Mason Plumlee from the Denver Nuggets in the air for a slam dunk against the New Orleans Pelicans

In Denver spring (or should I say summer?) had definitely arrived. It was a mere 26 degrees Celsius on April 7! On the opening day of the baseball season they expected over a hundred thousand people downtown. Tickets for the Colorado Rockies were a bit too expensive for me, so I had a look at the Pepsi Center, home of the Denver Nuggets. Plenty of tickets were available and, affordable too. In the evening I was all set for a nice game against the New Orleans Pelicans but not before I had checked out the center of this laid back city.

During my stay in Sri Lanka I talked a lot about the Mexican grills with Alex, the guy from Wisconsin. A Mexican grill is a fastfood place where you can put together your own burrito (other meals too but I go there for the burritos…). Qdoba and Chipotle were the ones I knew but Alex told me about a place called Illegal Pete’s which only exists in Denver and a bunch of other place in Colorado. He made clear it was much better than the other ones and that I simply had to go there. Alex was a good guy, so I followed his advice. Illegal Pete’s turned out to be a great place with even better vibes. A delicious, freshly prepared, huge burrito, typical US-style, was served in a nicely decorated pub where local fans were watching the Rockies game. So, a great place to grab a quick bite and have a great time!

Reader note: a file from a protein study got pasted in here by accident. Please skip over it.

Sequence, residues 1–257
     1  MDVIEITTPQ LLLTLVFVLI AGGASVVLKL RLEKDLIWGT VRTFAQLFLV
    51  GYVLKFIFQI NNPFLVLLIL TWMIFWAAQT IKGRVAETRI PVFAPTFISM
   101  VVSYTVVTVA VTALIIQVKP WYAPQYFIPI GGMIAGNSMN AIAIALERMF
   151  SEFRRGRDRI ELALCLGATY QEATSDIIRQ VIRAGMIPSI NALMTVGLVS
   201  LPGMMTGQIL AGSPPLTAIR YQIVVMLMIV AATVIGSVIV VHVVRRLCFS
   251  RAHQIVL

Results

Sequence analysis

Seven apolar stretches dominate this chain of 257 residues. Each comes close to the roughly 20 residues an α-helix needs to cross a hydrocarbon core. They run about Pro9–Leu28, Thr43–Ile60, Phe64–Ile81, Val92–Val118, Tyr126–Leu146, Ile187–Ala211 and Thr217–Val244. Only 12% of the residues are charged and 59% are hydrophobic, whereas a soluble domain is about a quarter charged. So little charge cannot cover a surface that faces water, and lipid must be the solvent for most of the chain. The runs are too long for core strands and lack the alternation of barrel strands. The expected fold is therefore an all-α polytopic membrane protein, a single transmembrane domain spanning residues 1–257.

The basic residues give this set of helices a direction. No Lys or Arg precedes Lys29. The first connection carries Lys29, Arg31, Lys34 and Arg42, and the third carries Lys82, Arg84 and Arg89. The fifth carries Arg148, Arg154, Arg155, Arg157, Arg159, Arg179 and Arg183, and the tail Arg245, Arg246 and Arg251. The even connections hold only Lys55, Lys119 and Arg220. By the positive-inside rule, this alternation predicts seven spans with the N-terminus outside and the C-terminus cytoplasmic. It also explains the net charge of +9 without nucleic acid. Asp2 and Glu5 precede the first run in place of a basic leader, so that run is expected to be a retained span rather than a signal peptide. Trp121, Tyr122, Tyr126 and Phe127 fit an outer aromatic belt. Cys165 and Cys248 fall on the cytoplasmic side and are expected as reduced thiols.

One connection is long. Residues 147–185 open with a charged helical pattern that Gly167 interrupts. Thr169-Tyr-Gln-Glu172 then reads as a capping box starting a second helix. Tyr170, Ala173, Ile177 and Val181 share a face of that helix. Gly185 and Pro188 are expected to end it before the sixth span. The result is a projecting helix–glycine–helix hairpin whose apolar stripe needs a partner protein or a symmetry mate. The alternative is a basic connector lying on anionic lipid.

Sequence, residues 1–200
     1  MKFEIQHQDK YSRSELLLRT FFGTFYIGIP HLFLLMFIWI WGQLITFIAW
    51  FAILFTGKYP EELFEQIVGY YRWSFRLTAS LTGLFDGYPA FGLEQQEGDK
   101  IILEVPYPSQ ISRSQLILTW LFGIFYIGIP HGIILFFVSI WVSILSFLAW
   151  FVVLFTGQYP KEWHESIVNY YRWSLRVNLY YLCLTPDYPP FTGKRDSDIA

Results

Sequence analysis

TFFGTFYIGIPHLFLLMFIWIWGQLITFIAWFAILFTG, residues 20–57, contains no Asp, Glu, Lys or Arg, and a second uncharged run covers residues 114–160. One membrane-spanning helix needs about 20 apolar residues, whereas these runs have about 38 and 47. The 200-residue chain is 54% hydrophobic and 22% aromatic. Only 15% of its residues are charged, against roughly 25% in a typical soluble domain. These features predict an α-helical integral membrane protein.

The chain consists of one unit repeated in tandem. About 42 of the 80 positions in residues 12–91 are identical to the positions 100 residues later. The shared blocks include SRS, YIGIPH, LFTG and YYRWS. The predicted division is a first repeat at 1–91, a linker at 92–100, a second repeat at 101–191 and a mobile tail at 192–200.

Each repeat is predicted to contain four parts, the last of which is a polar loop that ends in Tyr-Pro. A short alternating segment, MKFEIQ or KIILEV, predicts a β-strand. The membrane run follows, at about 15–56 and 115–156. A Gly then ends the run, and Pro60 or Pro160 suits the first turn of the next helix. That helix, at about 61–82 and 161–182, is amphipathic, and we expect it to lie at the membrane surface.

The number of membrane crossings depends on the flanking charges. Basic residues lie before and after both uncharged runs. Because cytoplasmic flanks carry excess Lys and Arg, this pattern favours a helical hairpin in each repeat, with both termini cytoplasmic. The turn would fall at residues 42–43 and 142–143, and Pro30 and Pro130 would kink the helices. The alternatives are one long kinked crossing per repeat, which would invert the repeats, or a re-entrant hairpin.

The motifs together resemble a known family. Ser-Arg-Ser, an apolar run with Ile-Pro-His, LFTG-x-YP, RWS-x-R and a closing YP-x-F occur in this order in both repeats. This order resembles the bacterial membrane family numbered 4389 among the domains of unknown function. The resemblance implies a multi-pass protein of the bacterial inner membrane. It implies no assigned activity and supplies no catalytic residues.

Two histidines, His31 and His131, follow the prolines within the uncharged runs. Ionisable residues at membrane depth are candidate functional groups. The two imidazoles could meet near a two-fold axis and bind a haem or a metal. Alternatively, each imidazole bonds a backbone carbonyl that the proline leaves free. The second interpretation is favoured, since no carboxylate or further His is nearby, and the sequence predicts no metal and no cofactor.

Once I had finished browsing and shopping at the great outdoor shops of REI and Wilderness, it was time to make my way to the Pepsi Arena and watch some basketball. The Nuggets were chasing a spot in the playoffs, so everybody was quite excited. To my surprise the arena was not full at all, I guess basketball is not that popular in Denver. The opponent, the New Orleans Pelicans, were done for the season since the playoffs were out of reach for them. This was quite clear during the game since they didn’t seem to be too motivated. Luckily some of the Nuggets’ players were on a roll. Jamal Murray and Nikola Jokić and others entertained the crowd with some three-pointers, slam dunks and no-look passes with an easy win for the home team as a result. My time in Denver had come to an end, Valdez in Alaska was waiting…